Japan on tsunami alert but Pacific fears abate

Japan on tsunami alert but Pacific fears abate

Tokyo: Japan imposed a mass tsunami evacuation on Sunday but fears of destructive waves triggered by Chile’s killer earthquake ebbed across the rest of the Pacific Ocean’s vast “Ring of Fire".

Evacuation orders forced at least 320,000 people away from areas on Japan’s east coast as oceanic surges up to 1.20 metres (four feet) high slammed ashore. A port area in the northern city of Nemuro was flooded.

“Please do not approach the coast at any cost," Prime Minister Yukio Hatoyama warned in a nationally televised address.

But Russia cancelled its own tsunami warning after only minor waves reached the Kamchatka peninsula, while doughty swimmers and surfers in Australia defied official warnings and flocked to the beach.

Warning sirens had wailed as about 50 countries and territories along an arc stretching from New Zealand to Japan went on alert, five years after the Indian Ocean tsunami disaster that killed more than 220,000 people.

Waves pummelled Chile and rolled through into Hawaii, French Polynesia and the South Pacific as the tsunami moved at jet-speed across the giant ocean after Saturday’s 8.8-magnitude quake, which left at least 300 people dead.

Five people were killed on the remote Robinson Crusoe archipelago far off the coast of Chile, the first reported tsunami casualties, but elsewhere no significant damage was reported and surges of water were smaller than expected.

In Japan, one of the world’s most quake-prone nations, authorities were taking no chances with the mass evacuation. Residents took shelter on higher ground as sea gates in fishing ports slammed shut and boats steamed home.

Along with Russia, Japan lies on the outer edge of the “Ring of Fire", a belt of seismic fury responsible for most of the world’s tremors and volcanoes.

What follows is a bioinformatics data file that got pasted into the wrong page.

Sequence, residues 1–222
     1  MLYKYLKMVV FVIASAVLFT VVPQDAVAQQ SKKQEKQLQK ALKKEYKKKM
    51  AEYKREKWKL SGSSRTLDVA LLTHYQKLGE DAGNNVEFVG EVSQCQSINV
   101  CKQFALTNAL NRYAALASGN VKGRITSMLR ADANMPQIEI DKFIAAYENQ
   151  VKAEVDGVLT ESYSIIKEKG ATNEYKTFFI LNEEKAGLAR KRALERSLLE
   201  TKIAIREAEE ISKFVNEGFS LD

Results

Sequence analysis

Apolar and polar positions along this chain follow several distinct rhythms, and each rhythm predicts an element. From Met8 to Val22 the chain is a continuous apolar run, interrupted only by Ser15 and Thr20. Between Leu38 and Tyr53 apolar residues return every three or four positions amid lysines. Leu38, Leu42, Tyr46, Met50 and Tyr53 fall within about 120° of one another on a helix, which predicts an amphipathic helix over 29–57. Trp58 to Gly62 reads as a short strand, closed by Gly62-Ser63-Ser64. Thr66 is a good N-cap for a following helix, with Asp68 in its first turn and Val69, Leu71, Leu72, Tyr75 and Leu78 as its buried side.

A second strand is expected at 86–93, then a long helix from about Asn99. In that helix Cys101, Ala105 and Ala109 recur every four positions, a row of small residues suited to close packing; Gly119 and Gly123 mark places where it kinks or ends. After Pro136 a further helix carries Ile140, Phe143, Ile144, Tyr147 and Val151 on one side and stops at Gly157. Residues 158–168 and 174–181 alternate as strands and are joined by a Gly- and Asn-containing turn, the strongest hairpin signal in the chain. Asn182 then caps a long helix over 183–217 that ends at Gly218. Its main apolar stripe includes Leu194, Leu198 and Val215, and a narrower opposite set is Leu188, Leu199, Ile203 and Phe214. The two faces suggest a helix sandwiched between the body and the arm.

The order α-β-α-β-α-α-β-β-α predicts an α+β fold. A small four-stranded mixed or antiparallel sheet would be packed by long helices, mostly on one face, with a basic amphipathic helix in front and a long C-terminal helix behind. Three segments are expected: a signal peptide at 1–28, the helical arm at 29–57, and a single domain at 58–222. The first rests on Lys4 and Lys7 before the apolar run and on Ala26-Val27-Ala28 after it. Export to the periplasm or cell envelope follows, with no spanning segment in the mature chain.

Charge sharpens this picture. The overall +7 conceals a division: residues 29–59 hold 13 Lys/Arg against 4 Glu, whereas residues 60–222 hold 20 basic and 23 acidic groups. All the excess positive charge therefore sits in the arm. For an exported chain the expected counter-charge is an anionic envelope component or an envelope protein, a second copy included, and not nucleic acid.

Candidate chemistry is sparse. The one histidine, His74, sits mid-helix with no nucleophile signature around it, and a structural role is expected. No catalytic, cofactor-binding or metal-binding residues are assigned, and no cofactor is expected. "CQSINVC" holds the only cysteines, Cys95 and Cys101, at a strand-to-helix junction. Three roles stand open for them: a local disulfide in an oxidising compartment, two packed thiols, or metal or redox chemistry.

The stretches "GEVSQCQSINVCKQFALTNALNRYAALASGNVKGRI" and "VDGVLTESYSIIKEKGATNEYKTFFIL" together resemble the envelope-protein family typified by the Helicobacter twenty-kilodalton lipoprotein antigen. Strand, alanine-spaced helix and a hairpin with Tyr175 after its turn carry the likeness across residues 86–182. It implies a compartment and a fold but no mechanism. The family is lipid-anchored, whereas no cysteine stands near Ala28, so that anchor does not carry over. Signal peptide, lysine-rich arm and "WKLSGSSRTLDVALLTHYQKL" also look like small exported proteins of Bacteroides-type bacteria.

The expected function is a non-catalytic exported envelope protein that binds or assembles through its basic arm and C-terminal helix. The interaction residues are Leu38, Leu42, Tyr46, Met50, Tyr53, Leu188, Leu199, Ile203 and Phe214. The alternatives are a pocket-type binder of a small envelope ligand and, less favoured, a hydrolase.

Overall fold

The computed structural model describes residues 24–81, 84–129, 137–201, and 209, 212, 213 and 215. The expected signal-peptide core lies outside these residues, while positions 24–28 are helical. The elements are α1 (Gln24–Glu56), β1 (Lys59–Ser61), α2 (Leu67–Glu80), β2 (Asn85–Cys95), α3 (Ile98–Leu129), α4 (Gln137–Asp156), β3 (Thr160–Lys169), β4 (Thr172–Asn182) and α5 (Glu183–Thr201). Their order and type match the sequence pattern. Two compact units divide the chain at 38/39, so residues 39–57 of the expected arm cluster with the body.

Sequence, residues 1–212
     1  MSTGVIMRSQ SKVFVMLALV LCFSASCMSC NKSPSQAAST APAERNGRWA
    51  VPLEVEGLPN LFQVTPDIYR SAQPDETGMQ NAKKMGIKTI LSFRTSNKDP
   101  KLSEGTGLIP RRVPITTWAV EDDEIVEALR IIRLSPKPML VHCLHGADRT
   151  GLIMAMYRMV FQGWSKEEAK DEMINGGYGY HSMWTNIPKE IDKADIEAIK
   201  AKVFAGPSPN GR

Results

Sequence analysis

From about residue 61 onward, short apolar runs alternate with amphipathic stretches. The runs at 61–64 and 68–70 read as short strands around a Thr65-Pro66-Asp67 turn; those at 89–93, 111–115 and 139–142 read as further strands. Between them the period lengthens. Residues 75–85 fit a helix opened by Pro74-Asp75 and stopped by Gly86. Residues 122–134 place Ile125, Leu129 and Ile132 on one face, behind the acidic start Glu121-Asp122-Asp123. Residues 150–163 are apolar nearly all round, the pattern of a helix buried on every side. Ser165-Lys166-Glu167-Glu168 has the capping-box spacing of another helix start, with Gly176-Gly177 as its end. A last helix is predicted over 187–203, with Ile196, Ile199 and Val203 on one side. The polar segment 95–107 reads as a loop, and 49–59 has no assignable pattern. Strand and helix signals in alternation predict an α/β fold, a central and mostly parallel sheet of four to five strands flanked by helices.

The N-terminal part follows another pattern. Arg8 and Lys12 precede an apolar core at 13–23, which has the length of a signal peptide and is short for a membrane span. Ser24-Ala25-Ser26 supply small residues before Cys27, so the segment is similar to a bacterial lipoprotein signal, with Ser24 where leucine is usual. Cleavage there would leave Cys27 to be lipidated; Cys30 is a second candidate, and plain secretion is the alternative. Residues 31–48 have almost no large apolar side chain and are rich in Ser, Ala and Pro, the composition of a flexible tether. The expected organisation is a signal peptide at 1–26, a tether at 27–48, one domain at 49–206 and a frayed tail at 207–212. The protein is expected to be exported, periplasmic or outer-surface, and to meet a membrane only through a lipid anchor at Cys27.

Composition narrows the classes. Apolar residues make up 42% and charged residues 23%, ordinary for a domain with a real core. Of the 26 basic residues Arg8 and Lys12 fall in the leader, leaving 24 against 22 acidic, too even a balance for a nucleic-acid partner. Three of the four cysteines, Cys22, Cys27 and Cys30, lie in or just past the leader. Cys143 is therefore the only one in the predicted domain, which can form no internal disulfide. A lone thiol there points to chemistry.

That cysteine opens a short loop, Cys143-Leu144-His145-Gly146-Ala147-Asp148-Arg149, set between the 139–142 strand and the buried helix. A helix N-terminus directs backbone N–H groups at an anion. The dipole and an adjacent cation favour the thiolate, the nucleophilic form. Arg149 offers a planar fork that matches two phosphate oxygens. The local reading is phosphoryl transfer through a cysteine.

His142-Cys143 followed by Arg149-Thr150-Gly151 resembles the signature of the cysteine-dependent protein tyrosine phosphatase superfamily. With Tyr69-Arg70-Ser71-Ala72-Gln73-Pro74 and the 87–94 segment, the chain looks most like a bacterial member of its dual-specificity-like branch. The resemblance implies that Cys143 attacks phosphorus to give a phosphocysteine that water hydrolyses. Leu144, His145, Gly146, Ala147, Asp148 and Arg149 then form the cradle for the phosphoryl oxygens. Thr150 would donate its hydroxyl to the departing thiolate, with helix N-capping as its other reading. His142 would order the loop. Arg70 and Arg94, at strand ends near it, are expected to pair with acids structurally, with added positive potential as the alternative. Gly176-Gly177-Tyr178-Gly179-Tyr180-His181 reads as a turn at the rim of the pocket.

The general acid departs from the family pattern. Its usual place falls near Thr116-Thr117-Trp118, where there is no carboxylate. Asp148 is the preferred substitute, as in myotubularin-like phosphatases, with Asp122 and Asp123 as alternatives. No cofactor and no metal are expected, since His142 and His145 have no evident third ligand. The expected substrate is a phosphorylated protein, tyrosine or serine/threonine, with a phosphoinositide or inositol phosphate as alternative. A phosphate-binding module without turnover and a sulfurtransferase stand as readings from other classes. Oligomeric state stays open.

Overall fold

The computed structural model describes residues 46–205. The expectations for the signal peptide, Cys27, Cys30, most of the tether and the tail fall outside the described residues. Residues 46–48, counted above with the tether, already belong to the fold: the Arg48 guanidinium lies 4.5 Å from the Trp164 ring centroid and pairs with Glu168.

The Hawaii-based Pacific Tsunami Warning Center lifted its tsunami warning for everywhere except Japan and Russia. Thousands in 19 Philippine provinces who had voluntarily fled were free to return home, officials said.

The Chilean disaster revived raw memories for Japan, where 140 lives were lost in 1960 when a 9.5-magnitude earthquake in the South American nation — the largest on record — sent a tsunami roaring across the Pacific.

The Hawaii centre, set up by Pacific governments after the 1960 tsunami, had warned of possible “widespread damage" from waves as high as three metres.

In Hawaii itself, the tsunami led to the evacuation of thousands of people and triggered panic buying of food, water and fuel. But there was little damage in the event.

US President Barack Obama, who was born in Hawaii, had warned that the US western seaboard might see dangerous waves and currents throughout the day.

“In the hours ahead, we’ll continue to take every step possible to prepare our shores and protect our citizens," he said.

One tsunami nearly 2.5 metres high slammed into Talcahuano, one of about 11 coastal towns in Chile pounded by the surge. Trawlers were sent shooting inland to the town square, where they lay marooned next to abandoned cars.

Chilean President Michelle Bachelet announced a partial evacuation of Easter Island, but the island of about 4,000 people, known for its monolithic stone statues, received a relatively small onrush of water.

In the island paradise of French Polynesia schools were closed, the port in Papeete was evacuated and thousands in Tahiti’s hillside areas were taken to safety as the waves hit.

Waves up to 1.5 metres high rammed New Zealand’s eastern Chatham Islands. In Australia, the size of the surge dropped to around 40 centimetres although strong currents rolled up the east coast.

Lorentz Engdahl, a regular on Sydney’s famed Bondi Beach, was one of many to brave the warnings and take a sea dip, as hundreds rushed to outlooks along the Australian coast to watch for outsized waves.

“The biggest danger right now are the blue bottles," Engdahl said in reference to the stinging jellyfish that are a common nuisance on Australian beaches.

People in Tonga and the Cook Islands fled to higher ground, still jittery after a South Pacific tsunami killed more than 180 in September.